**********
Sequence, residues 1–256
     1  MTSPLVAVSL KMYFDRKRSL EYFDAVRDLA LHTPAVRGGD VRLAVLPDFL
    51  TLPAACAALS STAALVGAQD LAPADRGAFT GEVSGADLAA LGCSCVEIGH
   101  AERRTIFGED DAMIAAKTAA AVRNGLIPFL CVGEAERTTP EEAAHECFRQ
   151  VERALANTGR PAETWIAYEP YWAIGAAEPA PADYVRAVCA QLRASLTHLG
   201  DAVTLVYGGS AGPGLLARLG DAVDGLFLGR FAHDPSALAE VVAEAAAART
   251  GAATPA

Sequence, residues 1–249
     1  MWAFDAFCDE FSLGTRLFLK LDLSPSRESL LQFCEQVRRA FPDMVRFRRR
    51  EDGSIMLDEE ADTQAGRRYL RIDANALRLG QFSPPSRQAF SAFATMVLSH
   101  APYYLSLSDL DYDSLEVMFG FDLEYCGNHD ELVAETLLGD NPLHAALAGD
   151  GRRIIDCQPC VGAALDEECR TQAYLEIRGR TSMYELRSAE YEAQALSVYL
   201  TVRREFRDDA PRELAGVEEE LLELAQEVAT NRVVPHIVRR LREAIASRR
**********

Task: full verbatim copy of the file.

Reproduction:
Sequence, residues 1–256
     1  MTSPLVAVSL KMYFDRKRSL EYFDAVRDLA LHTPAVRGGD VRLAVLPDFL
    51  TLPAACAALS STAALVGAQD LAPADRGAFT GEVSGADLAA LGCSCVEIGH
   101  AERRTIFGED DAMIAAKTAA AVRNGLIPFL CVGEAERTTP EEAAHECFRQ
   151  VERALANTGR PAETWIAYEP YWAIGAAEPA PADYVRAVCA QLRASLTHLG
   201  DAVTLVYGGS AGPGLLARLG DAVDGLFLGR FAHDPSALAE VVAEAAAART
   251  GAATPA

Sequence, residues 1–249
     1  MWAFDAFCDE FSLGTRLFLK LDLSPSRESL LQFCEQVRRA FPDMVRFRRR
    51  EDGSIMLDEE ADTQAGRRYL RIDANALRLG QFSPPSRQAF SAFATMVLSH
   101  APYYLSLSDL DYDSLEVMFG FDLEYCGNHD ELVAETLLGD NPLHAALAGD
   151  GRRIIDCQPC VGAALDEECR TQAYLEIRGR TSMYELRSAE YEAQALSVYL
   201  TVRREFRDDA PRELAGVEEE LLELAQEVAT NRVVPHIVRR LREAIASRR